CMO Brief: Physician Burnout and My Perspective

Physician burnout survey continues to show it's a major problem in healthcare

I‘ve been thinking about burnout quite a bit lately (mostly in relation to my own career), but I think that there are lessons that are more broadly applicable, so I figured I’d share over the next few posts.

I began my hospitalist career as a program director, juggling clinical and administrative responsibilities. At the same time, as part of the job, I was also juggling my obligations to the hospitalists in my group and the hospital. My move out of management, with a transition to 100% clinical work, relieved a significant amount of perceived stress, but it created a new problem. Doing clinical work all day, every day, was starting to leave me feeling burnt out. While there are always great moments in hospitalist work, the headaches were beginning to pile up, with no relief in sight.

About seven years ago, I began to work for MedAptus as Chief Medical Officer. At first it was only 25% of my time, but over the years, my role (and time commitment) has increased. At first, I thought this may end up creating many of the same problems I had during my time as a hospitalist program director. However, I’ve found it to be the opposite.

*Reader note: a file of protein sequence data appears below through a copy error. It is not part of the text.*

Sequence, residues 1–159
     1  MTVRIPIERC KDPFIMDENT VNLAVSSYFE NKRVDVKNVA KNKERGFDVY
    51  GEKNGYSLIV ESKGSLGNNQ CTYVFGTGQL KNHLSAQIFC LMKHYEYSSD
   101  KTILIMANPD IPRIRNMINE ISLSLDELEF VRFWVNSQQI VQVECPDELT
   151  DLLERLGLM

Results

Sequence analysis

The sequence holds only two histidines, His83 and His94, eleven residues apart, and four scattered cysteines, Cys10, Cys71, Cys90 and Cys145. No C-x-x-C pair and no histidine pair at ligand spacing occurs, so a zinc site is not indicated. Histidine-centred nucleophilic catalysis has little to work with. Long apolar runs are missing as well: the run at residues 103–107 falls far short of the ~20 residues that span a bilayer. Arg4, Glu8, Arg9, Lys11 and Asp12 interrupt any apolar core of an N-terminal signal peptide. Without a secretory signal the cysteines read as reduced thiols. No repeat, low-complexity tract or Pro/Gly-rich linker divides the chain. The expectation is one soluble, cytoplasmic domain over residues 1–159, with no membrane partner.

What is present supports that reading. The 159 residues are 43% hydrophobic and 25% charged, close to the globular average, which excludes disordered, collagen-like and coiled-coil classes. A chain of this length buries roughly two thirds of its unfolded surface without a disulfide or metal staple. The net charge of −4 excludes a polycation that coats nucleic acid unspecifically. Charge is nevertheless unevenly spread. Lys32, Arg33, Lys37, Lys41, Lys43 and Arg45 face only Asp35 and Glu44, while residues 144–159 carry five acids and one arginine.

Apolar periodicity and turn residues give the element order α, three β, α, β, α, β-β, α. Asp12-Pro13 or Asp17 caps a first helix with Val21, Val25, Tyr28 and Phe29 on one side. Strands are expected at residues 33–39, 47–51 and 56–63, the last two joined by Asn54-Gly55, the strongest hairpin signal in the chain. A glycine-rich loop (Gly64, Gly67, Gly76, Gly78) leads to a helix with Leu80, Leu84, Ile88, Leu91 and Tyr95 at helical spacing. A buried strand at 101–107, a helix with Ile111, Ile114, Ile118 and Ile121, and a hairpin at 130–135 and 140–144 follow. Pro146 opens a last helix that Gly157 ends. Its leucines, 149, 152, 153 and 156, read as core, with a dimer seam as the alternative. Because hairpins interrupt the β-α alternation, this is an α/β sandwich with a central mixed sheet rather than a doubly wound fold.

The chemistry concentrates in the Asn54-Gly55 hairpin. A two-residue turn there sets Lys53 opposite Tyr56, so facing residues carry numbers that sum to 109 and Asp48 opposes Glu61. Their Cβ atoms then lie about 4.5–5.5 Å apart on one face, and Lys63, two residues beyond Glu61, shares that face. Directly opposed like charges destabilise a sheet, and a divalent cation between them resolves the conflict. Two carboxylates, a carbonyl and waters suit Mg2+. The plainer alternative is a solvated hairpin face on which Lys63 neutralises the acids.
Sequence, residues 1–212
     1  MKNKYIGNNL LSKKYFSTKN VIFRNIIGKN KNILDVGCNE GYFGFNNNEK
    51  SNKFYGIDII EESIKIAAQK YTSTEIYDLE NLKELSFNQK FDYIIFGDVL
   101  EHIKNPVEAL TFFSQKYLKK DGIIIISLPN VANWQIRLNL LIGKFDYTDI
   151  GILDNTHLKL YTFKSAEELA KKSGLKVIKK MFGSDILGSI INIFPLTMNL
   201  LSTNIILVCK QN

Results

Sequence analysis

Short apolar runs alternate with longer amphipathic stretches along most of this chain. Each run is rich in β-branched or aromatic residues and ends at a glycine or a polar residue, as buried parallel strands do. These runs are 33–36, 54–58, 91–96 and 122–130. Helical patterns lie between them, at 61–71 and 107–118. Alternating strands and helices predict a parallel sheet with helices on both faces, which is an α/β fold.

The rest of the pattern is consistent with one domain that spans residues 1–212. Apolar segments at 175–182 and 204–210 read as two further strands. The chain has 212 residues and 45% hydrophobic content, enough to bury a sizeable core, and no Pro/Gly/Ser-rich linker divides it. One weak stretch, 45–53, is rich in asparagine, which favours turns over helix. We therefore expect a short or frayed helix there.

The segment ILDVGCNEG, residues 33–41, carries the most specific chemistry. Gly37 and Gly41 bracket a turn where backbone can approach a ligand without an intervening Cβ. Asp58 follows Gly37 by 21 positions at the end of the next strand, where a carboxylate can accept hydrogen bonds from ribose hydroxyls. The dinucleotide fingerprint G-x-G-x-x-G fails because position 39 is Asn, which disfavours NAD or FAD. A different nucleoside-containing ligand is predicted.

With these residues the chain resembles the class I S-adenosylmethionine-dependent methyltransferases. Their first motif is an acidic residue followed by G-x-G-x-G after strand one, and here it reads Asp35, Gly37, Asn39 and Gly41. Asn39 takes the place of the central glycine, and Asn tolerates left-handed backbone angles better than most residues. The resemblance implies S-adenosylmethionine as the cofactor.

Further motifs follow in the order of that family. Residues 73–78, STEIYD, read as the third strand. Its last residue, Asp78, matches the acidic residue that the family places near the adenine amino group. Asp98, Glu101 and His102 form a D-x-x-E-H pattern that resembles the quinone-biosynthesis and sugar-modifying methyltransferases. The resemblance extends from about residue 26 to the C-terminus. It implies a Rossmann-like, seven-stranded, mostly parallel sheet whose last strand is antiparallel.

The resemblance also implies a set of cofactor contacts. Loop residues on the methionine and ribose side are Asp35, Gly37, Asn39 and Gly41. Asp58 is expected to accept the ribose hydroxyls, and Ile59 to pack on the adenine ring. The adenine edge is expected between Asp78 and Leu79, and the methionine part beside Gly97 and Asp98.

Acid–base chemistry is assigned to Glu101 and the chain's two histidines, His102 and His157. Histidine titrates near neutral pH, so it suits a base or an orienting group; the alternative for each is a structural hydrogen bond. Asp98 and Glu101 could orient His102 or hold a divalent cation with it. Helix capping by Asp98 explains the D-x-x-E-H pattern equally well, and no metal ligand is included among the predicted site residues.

Now, I do one week of clinical work, alternating with one week of my work at MedAptus. What I’m finding is that I’m never doing anything long enough to grow frustrated or bored. Each week presents its own unique challenges, and before any frustration sets in, the week is over, and it’s time to use a different set of skills. And each time I change, I’m looking forward to my week because I’m feeling refreshed and interested again. This is why I always encourage my hospitalist colleagues to develop interests (and skills) that they can use in a context outside of the daily practice of medicine. Now not everyone can (or wants to) divide up their time 50/50, but adding something to your month that isn’t one more day clinical medicine can really help to keep things fresh.
Next time, we’ll talk about patient loads.